When I begin working with a student, whether he or she has ADHD, dyslexia, or no learning difference at all, I like to start with a question: “What is the difference between a strategy and a tactic?”
Over the years, I’ve heard such answers as “Strategies are big, and tactics are small.” “First you think of a strategy, then a tactic to match it.” “Things that you need to think about to win.” All pretty good answers if you ask me!
Strategy and tactic come from military history; a strategy is a way to win a war, while a tactic is a way to win an individual battle. (For more on this distinction, take a look at this post by the Strategic Thinking Institute). Ideally strategy and tactics are aligned. Once military leaders understand the overall path to victory (strategy), they can take steps (tactics) to achieve that end.
If you look up strategy and tactics online, you’ll see that this distinction is a popular one for business strategists, marketing professionals, investment companies, and more. But what about education?
When students are young, their ability to think in terms of strategy is limited. I’ve had elementary students tell me that, “I’m good at math, so I don’t have to show my work,” or “If you have to study for the test, you’re not that smart.”
Not showing work on arithmetic may save students time at first, but over the long run, it will hurt their performance. As students get older, they will need to adopt increasingly strategic approaches to academic tasks. If a student can recognize their overall goal (e.g., to do well on a unit test), then they can begin to formulate the strategy that will get them there (make sure they understand the material, take time to meet with the teacher, and develop study materials throughout the unit). A clear strategy will help them to utilize tactics to achieve that strategy (such as taking notes or creating flash cards). This process may seem to take more time up front but will save time down the road and help them attain their long-term goals.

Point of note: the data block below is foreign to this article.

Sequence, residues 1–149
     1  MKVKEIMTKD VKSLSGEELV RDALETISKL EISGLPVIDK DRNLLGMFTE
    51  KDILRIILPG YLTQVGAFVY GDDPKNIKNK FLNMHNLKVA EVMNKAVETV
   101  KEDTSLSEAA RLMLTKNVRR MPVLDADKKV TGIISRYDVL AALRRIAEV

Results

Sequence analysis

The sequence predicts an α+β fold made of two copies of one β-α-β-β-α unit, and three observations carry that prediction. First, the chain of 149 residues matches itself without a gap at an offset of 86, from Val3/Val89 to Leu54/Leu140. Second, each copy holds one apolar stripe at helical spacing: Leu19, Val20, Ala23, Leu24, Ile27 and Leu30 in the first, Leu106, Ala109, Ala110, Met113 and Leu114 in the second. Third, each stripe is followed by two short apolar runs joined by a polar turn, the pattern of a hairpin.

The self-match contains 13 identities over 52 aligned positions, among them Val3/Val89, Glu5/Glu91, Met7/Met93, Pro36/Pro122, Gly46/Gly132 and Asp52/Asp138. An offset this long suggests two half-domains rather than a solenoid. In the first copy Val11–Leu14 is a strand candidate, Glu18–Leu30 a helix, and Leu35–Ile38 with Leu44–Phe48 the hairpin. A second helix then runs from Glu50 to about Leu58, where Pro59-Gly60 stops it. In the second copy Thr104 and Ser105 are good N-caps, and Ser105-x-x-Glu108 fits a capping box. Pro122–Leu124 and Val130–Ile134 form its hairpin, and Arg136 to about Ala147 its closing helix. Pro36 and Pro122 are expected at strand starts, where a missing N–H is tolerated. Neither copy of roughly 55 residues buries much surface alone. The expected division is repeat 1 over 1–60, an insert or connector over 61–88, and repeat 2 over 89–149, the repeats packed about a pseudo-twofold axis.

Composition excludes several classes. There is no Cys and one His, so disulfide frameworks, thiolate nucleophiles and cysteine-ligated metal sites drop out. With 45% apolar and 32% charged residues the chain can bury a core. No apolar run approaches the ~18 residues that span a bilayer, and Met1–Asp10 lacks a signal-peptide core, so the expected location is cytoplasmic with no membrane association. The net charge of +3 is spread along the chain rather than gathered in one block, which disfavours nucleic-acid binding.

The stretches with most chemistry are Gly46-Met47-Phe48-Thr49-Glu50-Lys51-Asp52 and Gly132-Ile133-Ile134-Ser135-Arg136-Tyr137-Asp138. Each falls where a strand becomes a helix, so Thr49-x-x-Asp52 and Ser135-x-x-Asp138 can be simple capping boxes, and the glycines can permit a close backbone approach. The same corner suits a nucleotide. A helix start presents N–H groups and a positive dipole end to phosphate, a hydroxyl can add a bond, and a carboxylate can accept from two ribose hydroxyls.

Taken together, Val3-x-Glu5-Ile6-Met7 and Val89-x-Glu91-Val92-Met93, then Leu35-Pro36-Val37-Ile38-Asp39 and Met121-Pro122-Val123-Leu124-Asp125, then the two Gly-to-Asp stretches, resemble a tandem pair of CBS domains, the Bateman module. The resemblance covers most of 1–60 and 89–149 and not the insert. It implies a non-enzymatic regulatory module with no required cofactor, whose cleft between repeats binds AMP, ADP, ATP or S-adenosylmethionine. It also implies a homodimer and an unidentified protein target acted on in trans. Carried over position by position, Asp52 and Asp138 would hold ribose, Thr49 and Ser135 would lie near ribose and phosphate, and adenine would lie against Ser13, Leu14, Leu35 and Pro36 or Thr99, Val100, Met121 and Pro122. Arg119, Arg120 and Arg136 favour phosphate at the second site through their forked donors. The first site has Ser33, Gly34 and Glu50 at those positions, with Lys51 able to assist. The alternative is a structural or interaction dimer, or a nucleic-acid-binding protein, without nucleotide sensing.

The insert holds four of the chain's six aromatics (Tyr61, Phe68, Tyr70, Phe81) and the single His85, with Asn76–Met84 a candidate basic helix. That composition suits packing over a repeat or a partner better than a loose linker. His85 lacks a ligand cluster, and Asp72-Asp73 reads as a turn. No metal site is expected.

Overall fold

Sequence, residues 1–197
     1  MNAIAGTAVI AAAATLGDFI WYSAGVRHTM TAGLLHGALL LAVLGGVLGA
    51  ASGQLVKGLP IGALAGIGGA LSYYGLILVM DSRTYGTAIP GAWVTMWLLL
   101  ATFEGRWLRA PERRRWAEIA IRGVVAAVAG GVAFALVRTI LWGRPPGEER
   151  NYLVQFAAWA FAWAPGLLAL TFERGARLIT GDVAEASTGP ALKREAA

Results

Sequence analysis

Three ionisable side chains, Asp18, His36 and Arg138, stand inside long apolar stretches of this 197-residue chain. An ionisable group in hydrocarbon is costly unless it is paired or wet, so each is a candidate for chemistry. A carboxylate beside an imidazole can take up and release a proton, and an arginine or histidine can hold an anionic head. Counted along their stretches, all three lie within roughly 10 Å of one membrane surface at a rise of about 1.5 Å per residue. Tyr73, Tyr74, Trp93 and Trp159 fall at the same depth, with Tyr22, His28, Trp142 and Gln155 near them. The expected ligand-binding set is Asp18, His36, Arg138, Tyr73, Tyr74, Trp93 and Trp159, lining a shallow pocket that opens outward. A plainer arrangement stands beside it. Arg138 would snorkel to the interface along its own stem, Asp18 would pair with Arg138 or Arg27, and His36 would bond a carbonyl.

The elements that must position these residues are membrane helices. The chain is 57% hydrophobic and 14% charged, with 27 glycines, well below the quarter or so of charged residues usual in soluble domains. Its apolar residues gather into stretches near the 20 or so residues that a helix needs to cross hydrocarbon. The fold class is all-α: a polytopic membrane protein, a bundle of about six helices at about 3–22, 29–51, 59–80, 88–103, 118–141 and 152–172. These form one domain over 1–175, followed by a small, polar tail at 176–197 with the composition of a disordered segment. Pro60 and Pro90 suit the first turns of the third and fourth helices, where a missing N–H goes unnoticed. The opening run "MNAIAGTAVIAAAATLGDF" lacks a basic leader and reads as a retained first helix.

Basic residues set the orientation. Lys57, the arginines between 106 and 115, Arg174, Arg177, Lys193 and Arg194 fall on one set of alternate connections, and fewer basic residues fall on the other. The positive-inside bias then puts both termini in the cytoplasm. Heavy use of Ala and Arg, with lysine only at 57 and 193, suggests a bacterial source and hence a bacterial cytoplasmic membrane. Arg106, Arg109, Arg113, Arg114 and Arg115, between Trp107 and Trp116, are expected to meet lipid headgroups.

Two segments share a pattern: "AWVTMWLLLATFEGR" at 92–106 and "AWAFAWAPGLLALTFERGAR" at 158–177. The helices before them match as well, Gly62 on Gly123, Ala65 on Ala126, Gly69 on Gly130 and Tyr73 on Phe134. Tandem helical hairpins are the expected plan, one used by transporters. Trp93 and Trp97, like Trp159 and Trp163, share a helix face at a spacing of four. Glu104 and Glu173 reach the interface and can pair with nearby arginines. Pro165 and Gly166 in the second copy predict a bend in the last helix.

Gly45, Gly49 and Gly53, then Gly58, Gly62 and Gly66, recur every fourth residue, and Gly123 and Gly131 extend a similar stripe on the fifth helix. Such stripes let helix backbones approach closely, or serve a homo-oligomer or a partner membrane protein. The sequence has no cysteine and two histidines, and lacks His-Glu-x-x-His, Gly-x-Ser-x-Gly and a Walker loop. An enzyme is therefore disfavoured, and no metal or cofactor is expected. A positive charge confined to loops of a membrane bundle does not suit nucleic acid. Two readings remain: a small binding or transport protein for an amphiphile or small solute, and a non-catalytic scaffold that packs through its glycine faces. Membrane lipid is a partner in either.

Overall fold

In SMARTS, we believe students must develop their own definition of a strategy so that they can move forward confident that they can both set goals and develop strategies to attain them. If a student sets a goal of improving their essay writing, they need to develop their overall strategy to achieve this goal before selecting their tactics. They may decide that they need to use more active reading strategies so they have better evidence when they write, meaning their tactics should include purposeful highlighting or skim and scoop. They may decide that dedicating enough time to read will be essential, meaning that they should identify their production time.
Whether our students grow up to be business professionals, military generals, or just really good at board games, the ability to know the difference between a strategy and a tactic will be crucial.
- Michael Greschler, M.Ed., SMARTS Director